Archive for December 2011
Honestly, I don’t no too much about sidescrollers. The only two I’ve played are the old Sonic games (Sonic 1 to 3, not 4) and a Mario or two. But I play more as a hedgehog than a plummer.
So why talk about them at all, you might ask?
For a few reasons: to mull and rant about something I can’t change, to talk about how we’ve moved from a side view to a 360 camera angle over the years, and . . . to say that I’m not dead, I just haven’t updated in a while.
Well, *ahem*, on with the rant.
I find sidescrollers very interesting, and when I do play them I find myself in a complete virtual world at my full control, all within a single and unchanging camera angle. Sidescrollers hold both limited and unlimited possibilities. I say limited because you have a single camera angle and, in some cases, a single direction, because sometimes once you’ve crossed to a further point on the screen, there’s no turning back thanks to an invisible barrier.
And I say unlimited . . . because if the camera angle can’t change, that doesn’t mean your direction can’t.
In sidescrollers, entire worlds can be found, but not just on the main surface, because just because we can’t go left doesn’t mean we can’t go up. Hidden passages and secret doors can be discovered underneath your feet, or high up into the stratosphere. You can walk on clouds, or burrow to the earth’s core. Just make sure you bring extra lives.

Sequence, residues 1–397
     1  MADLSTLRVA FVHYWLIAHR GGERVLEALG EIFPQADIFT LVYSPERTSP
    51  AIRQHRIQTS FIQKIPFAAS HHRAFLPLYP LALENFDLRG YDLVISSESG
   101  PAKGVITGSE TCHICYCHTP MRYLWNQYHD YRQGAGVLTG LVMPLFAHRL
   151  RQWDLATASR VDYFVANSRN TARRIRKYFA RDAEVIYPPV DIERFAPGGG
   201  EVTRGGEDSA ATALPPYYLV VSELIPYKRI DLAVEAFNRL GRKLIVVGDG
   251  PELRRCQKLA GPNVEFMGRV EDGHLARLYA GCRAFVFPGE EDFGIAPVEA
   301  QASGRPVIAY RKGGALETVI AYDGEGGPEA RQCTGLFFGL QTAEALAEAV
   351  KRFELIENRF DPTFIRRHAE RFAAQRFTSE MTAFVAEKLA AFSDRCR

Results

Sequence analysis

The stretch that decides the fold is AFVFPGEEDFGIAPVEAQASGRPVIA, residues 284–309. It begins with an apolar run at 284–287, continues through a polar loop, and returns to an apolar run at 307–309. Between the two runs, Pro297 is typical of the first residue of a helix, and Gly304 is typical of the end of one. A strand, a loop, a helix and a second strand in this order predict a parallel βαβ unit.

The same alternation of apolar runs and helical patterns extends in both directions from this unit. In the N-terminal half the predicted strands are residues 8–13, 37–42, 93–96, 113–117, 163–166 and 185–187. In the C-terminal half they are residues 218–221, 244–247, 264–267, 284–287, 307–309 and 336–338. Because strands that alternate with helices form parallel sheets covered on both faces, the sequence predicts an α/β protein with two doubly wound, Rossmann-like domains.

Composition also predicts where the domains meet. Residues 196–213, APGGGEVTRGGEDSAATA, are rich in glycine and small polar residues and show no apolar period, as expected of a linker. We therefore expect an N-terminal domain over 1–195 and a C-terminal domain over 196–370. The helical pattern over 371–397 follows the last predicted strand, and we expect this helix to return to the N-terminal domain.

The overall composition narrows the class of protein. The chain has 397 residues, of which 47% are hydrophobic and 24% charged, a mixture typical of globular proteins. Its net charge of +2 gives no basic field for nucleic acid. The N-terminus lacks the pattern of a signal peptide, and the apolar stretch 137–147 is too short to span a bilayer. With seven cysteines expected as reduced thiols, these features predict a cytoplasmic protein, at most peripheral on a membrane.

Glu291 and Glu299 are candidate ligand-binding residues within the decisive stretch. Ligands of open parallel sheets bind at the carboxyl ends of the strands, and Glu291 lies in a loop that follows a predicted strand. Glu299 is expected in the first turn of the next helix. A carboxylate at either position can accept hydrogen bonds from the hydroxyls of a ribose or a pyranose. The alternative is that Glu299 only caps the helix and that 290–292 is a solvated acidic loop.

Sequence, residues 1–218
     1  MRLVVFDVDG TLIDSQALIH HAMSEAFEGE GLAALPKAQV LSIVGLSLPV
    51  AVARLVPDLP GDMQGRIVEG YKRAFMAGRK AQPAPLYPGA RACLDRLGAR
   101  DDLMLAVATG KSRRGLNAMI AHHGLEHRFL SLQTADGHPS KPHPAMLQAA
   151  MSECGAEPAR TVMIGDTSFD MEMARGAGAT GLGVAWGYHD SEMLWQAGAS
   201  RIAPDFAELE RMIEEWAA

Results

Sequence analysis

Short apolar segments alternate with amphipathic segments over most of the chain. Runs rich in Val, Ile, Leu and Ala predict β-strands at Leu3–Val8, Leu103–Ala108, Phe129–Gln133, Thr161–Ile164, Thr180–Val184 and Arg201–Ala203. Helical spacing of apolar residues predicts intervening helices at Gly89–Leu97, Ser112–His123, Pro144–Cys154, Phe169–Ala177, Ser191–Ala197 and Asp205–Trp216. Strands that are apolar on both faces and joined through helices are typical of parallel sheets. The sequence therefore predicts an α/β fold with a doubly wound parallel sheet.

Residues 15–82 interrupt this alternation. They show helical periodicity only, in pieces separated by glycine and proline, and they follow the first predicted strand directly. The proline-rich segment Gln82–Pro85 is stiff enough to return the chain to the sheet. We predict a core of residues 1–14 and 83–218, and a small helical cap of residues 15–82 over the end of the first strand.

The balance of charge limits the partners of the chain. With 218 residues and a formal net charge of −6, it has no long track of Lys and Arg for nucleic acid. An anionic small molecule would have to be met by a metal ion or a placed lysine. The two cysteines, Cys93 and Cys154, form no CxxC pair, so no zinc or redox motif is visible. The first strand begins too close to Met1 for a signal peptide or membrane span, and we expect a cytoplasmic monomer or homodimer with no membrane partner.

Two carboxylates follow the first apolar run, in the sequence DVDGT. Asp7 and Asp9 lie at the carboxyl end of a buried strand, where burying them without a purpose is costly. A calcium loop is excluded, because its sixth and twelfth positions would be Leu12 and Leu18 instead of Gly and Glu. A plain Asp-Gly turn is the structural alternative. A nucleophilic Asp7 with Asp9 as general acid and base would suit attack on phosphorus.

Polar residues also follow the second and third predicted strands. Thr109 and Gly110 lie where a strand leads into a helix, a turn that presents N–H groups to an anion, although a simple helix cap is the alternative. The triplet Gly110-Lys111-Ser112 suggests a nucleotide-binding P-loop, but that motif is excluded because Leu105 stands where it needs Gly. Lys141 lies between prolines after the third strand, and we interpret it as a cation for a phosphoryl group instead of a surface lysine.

Video games have evolved enormously since the era of sidescrollers. We’ve gone from a side view to a first person angle, and the camera can be rotated a full circle in most games, so you can see more to your character than just the side. Some game developers, however, still try to revive the old sidescrolling classics, such as Sega’s Sonic 4, a 3D sidescroller which was a continuation to the sidescrollers of the 1990s. Numerous flash games have taken the sidescroller to the next level, creating unique gameplay and story that fits snugly into the genre. The sidescroller has attached on to many different types of games, such as point-and-click, shooting, adventure, and horror.
We’ve gone up and up with sidescrollers, creating games that are different but special, adding on to the age-old game play. And yet, when you play a simple sidescroller, all you have to do is turn right.
And the adventure beings.